The First Secret City, a 2015 documentary film, will be screened and followed by Q & A with co directors Alison Carrick and C.D. Stelzer and lead subject Larry Burgan.
Before the creation of the secret cities of Los Alamos, Oak Ridge, and Hanford, the Manhattan Project hired the Mallinckrodt Chemical Works of St. Louis to refine the first uranium used in the atomic bomb dropped on Hiroshima. For the next two decades, Mallinckrodt continued its classified work for the Atomic Energy Commission during the Cold War. The resulting radioactive waste contaminated numerous locations in the St. Louis area, some of which have not been cleaned up 70 years after the end of World War II. Told through the eyes of an overexposed worker, the story expands through a series of interviews that careen down a toxic pathway that leads to a fiery terminus at a smoldering, radioactively contaminated landfill. “ The First Secret City" reveals a forgotten history and its continuing impact on the community in the 21st century, uncovering past wrongdoing and documenting the continuing struggles to confront the issue.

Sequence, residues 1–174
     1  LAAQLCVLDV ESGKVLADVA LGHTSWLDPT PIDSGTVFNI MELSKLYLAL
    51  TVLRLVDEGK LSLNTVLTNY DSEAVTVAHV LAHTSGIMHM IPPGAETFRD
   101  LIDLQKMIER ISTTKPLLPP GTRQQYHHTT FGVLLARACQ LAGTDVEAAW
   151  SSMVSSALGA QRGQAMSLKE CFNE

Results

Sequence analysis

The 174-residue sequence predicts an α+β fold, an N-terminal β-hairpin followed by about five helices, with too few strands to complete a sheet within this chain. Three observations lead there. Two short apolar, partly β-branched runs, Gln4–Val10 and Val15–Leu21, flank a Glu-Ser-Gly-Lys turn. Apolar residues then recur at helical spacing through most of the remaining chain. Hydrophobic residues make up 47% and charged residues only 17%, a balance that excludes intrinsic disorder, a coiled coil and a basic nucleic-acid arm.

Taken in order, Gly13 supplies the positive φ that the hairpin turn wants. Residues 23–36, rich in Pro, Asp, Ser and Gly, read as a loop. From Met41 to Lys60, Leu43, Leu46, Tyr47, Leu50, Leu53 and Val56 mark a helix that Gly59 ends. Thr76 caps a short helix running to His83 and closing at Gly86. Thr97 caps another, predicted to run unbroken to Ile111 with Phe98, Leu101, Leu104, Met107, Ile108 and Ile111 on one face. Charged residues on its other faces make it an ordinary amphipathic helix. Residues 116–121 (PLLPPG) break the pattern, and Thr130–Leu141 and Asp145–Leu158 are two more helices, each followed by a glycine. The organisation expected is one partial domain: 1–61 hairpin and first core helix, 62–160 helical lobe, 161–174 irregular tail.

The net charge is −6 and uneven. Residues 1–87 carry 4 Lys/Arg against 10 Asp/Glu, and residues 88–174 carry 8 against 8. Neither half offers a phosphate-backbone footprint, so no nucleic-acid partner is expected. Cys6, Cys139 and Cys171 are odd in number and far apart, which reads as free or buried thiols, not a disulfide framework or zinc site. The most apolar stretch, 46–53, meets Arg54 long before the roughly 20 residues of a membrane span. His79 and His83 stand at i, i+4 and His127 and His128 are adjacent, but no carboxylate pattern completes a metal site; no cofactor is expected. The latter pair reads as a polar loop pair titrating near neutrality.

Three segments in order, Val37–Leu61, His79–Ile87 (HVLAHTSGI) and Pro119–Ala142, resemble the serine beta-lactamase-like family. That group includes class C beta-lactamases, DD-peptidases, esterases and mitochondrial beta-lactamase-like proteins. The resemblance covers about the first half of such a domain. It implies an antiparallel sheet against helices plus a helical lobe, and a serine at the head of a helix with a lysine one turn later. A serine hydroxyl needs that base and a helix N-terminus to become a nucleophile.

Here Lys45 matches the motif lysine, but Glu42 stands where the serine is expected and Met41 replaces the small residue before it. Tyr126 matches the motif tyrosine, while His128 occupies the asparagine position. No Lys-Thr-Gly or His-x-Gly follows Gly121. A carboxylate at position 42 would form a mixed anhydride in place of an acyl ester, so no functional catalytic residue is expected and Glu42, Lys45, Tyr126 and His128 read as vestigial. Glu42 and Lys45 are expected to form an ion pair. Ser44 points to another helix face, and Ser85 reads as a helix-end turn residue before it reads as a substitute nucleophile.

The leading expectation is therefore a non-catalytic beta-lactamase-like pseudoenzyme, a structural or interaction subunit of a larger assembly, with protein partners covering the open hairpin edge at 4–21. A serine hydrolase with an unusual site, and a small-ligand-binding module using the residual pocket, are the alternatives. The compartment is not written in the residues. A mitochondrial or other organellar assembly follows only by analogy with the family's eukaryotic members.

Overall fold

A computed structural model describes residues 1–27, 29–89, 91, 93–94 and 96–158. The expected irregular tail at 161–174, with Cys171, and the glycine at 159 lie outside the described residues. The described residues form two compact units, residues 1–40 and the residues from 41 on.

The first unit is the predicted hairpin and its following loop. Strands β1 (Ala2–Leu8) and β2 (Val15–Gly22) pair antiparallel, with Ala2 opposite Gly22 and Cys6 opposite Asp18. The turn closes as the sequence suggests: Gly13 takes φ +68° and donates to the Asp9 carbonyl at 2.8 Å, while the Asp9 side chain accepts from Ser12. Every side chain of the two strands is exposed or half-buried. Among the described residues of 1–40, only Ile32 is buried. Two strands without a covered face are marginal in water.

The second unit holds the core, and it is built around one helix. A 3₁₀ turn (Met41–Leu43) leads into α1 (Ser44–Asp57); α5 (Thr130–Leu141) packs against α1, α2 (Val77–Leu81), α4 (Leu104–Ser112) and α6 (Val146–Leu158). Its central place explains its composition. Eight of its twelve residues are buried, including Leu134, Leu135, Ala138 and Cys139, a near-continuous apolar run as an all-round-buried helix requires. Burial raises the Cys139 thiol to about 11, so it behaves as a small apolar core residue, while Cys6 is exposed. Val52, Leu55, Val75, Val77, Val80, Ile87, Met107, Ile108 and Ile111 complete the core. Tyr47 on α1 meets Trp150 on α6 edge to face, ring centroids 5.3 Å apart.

Co-directors Alison Carrick and C.D. Stelzer are pleased to show their film at the Jacoby Arts Center in Alton. Following the documentary screening they will discuss with audience members how the radioactive waste left over from the Manhattan Project and the Cold War impacts our environment and human health, including water quality. This continuing community dialogue is essential to help foster an understanding, appreciation, and a sense of commitment about this often overlooked issue. Our rivers are a fundamental natural resource on which we all depend. Our region and our lives are interconnected by the convergence of the Mississippi, Missouri and Illinois Rivers. It is in our mutual interest to honor and protect this most valuable of resources for future generations. Jacoby Art Center, the Audubon Center at Riverlands and National Great Rivers Museum open their doors to this effort and in so doing demonstrate how art is itself an essential component to the American way of life and our shared values.